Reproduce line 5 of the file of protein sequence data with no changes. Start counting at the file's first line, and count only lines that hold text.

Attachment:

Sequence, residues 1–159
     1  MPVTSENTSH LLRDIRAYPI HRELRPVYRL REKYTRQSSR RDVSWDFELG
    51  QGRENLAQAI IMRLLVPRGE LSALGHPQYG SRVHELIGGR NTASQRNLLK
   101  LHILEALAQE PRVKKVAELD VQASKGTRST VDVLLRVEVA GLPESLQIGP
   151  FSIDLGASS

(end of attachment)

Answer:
   151  FSIDLGASS